I think up until then, I’d somehow been letting myself believe that thus was all a big game we were playing, and that even although I wasn’t living in that house, no one else was either. But when Terry came home with his tales of painted walls and painted doors (“They looked really nice, actually,” he commented, which was great: I’m glad we lived with those hideous doors all that time when all we needed to do was slap some paint on the suckers: D’OH.), it suddenly hit me: THOSE PEOPLE ARE TOTALLY LIVING IN MY HOUSE. And changing it. And that makes the chances of me just sneaking back in and pretending nothing happened a little bit less likely, dontchya think?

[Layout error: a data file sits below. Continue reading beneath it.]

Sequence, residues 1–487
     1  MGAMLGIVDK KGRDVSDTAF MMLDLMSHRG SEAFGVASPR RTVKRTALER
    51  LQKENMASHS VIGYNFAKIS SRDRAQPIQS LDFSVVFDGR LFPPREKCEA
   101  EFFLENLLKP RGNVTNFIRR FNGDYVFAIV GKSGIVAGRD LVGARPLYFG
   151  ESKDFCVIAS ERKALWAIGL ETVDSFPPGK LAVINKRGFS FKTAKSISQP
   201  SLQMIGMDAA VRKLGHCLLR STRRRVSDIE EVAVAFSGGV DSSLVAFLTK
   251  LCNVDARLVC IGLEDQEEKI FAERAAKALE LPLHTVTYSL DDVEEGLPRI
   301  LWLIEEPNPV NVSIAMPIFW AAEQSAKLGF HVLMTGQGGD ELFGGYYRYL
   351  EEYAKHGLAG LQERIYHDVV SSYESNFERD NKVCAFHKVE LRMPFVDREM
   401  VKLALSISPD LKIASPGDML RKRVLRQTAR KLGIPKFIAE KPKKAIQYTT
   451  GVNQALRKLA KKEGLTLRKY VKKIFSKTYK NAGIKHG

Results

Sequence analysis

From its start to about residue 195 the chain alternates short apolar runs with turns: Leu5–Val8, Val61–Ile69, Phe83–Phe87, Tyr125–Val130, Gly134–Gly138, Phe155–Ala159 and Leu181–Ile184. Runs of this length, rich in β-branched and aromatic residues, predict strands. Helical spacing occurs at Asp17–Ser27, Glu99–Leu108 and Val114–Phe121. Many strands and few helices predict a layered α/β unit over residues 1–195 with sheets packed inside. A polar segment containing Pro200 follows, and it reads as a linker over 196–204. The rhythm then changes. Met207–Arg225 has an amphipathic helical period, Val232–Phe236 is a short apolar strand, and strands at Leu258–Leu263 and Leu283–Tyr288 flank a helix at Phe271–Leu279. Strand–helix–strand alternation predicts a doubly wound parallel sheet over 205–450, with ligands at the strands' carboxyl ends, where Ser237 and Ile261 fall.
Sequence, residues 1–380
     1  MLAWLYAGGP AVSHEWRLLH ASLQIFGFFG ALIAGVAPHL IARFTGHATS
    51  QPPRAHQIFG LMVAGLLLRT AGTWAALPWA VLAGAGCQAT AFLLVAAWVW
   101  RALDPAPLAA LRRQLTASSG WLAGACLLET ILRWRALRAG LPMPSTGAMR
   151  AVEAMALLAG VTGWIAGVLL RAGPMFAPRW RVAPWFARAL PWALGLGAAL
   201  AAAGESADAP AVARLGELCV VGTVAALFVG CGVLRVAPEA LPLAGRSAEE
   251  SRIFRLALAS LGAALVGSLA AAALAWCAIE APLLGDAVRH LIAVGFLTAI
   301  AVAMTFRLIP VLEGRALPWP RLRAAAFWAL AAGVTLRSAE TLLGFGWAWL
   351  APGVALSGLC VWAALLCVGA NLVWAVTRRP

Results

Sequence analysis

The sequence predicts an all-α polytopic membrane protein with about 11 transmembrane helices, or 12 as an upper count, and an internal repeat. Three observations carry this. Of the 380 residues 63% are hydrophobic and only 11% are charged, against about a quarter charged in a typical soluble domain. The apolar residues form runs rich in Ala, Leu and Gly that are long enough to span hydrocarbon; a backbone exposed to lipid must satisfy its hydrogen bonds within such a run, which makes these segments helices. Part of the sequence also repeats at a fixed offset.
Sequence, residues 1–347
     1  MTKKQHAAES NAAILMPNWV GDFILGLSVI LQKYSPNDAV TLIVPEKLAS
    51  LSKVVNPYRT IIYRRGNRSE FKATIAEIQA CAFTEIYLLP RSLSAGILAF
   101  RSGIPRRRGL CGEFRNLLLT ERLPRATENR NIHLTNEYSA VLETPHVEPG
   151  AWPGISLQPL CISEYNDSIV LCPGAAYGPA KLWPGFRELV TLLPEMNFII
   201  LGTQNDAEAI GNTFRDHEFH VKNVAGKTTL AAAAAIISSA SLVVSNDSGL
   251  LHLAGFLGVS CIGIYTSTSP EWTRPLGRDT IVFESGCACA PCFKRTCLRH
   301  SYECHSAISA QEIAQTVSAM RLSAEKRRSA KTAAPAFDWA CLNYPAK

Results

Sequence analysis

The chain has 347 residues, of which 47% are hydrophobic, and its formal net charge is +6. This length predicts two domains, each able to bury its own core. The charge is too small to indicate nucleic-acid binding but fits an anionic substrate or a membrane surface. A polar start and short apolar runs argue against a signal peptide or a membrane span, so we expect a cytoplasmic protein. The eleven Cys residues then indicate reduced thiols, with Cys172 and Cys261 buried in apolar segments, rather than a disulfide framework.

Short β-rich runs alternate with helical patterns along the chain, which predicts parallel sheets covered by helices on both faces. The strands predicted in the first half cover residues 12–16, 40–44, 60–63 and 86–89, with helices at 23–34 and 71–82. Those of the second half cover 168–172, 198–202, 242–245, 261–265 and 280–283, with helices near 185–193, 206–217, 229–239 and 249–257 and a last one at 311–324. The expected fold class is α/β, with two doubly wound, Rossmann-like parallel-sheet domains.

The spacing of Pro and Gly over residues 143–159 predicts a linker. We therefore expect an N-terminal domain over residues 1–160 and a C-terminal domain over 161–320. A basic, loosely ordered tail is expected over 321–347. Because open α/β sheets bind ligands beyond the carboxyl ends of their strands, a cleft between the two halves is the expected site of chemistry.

Basically, then, for the last week and a bit we’ve been living in Fred’s House, other people have been living in OUR house, and everything is all messed up and turned on its head. I, meanwhile… well, I have NO house. My old house isn’t mine any more, and this house doesn’t feel like mine either, even though I know it is. Everything is new and different and confusing, and the fact that we’ve moved to a new town (Well, a new village, actually) as well as to a new house only heightens the sense of strangeness, which has been going on ever since we started to pack up the old place.

I feel like I’ve been living in some kind of surreal dream for the past couple of weeks, and I’d quite like to wake up now, thanks very much. It’s not that I don’t like the new house, obviously: I absolutely LOVE it. It’s just that I think it’s going to take a bit of time to actually feel like HOME, and everything feels a bit strange in the meantime.